biography. But his subject seems more interested in finding out about Robert’s past than he does in revealing his own. For years, Robert has refused to discuss his
past. After the war ended, he refused to go to reunions, believing in some way that denying the killing and the deaths of his friends and fellow soldiers would mean he
wouldn’t be defined by the experience. Suddenly, he can’t keep the memories from overtaking him. But can he trust his memories and can we believe what other
people tell us about theirs?
Moving between the present and past, between France and Italy, New York and London, this is a powerful story about love and war, memory and desire, the
relationship between the body and the mind.
Compelling and full of suspense, Where My Heart Used to Beat is a tender, brutal and thoughtful portrait of a man and a century, which asks whether, given the
carnage we’ve witnessed and inflicted over the past one hundred years, people can ever be the same.
I’m really intrigued by this return to a subject he wrote about more than 20 years ago. I haven’t read any of the others yet, though they are on my list.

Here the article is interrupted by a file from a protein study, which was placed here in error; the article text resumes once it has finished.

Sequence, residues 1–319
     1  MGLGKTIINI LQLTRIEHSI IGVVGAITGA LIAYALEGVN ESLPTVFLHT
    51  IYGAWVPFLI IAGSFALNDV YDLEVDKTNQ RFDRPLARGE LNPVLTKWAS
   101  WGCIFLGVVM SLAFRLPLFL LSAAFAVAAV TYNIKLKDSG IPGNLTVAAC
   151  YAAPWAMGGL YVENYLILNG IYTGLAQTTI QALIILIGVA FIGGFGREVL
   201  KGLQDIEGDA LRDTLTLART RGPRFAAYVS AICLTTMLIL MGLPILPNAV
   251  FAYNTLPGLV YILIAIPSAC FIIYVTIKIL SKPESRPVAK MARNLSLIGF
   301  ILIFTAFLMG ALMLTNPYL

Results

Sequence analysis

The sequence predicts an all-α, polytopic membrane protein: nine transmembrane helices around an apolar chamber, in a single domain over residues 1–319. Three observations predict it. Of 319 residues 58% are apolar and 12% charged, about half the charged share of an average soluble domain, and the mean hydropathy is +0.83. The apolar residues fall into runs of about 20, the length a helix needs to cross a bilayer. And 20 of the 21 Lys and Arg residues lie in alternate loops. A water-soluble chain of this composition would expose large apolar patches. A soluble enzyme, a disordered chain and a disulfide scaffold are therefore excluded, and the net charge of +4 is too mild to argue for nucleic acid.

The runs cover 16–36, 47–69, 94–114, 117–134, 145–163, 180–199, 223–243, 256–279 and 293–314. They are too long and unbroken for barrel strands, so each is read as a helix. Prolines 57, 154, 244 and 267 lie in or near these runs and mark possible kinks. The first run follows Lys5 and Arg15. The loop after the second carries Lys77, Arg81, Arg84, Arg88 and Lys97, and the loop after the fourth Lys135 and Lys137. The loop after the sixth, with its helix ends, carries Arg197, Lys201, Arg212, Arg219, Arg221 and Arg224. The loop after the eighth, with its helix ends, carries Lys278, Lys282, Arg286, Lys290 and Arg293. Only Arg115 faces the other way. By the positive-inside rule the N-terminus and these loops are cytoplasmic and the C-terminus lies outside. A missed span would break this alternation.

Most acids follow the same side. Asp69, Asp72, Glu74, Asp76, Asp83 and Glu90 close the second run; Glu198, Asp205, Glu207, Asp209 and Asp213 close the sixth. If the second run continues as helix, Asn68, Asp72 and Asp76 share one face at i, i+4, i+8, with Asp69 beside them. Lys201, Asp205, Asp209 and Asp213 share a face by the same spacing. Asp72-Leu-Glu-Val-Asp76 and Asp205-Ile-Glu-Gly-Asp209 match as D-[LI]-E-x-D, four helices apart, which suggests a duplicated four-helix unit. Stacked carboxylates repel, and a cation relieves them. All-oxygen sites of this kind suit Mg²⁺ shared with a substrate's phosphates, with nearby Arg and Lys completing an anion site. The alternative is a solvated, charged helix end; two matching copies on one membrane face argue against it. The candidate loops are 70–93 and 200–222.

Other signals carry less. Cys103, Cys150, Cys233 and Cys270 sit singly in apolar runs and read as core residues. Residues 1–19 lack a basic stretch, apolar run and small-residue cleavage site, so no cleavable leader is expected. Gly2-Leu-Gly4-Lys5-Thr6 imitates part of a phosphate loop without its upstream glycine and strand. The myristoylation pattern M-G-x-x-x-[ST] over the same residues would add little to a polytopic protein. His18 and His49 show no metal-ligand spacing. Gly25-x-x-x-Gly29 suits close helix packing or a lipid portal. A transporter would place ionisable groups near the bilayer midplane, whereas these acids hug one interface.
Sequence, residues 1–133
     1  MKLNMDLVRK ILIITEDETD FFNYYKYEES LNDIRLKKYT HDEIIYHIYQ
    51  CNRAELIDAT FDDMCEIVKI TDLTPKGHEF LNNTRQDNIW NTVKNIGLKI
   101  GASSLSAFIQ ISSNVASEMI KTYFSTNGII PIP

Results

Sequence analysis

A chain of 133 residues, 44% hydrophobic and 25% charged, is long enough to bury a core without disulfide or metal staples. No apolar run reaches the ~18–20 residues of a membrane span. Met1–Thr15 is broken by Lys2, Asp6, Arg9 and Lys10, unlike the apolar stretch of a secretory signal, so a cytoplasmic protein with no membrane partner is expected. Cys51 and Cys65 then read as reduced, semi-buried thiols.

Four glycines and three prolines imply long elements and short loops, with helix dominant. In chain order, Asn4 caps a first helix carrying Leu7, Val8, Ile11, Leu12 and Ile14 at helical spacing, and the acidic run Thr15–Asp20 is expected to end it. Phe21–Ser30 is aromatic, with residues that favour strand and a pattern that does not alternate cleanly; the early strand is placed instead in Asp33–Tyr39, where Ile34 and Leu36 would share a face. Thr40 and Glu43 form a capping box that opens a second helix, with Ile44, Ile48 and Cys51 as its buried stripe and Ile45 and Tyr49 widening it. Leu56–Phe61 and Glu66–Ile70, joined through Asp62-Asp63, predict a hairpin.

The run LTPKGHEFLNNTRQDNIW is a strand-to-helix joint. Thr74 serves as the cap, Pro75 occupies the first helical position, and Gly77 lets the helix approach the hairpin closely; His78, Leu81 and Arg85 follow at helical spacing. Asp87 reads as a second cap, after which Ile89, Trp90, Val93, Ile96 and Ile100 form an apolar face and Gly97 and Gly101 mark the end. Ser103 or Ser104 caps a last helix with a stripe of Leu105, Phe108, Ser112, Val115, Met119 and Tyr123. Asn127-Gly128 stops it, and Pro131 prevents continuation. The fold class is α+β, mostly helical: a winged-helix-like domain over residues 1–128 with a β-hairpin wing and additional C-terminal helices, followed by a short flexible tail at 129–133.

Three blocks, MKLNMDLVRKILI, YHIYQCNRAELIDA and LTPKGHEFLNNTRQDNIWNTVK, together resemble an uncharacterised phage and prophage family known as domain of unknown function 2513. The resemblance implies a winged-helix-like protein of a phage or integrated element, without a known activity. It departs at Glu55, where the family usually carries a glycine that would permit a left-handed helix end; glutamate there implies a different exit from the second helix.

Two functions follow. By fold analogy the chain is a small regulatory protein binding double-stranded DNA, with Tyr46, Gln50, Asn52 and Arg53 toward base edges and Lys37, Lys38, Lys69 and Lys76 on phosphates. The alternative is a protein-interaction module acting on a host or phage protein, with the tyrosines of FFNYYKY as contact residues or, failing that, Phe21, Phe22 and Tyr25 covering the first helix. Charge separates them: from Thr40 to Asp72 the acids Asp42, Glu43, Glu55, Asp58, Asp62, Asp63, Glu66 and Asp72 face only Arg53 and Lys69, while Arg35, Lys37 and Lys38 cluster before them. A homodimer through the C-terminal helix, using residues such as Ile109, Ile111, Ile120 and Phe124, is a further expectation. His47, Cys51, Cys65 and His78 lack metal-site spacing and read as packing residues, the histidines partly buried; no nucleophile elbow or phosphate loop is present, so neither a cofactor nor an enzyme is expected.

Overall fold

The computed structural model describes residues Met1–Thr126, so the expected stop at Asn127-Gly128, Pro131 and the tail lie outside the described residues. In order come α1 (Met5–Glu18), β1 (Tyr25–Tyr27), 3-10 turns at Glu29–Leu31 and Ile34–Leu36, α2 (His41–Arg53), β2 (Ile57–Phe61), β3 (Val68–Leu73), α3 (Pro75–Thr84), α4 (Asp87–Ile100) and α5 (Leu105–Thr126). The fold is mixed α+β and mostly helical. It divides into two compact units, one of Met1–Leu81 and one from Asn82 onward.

Eligible by Curtis Sittenfeld at 125 Pages
This version of the Bennet family—and Mr. Darcy—is one that you have and haven’t met before: Liz is a magazine writer in her late thirties who, like her yoga
instructor older sister, Jane, lives in New York City. When their father has a health scare, they return to their childhood home in Cincinnati to help—and discover
that the sprawling Tudor they grew up in is crumbling and the family is in disarray.
Youngest sisters Kitty and Lydia are too busy with their CrossFit workouts and Paleo diets to get jobs. Mary, the middle sister, is earning her third online master’s
degree and barely leaves her room, except for those mysterious Tuesday-night outings she won’t discuss. And Mrs. Bennet has one thing on her mind: how to marry
off her daughters, especially as Jane’s fortieth birthday fast approaches.
Enter Chip Bingley, a handsome new-in-town doctor who recently appeared on the juggernaut reality TV dating show Eligible. At a Fourth of July barbecue, Chip
takes an immediate interest in Jane, but Chip’s friend neurosurgeon Fitzwilliam Darcy reveals himself to Liz to be much less charming. . . .
And yet, first impressions can be deceiving.
This just sounds like a fun retelling. I love when there are unique takes on Austen’s work.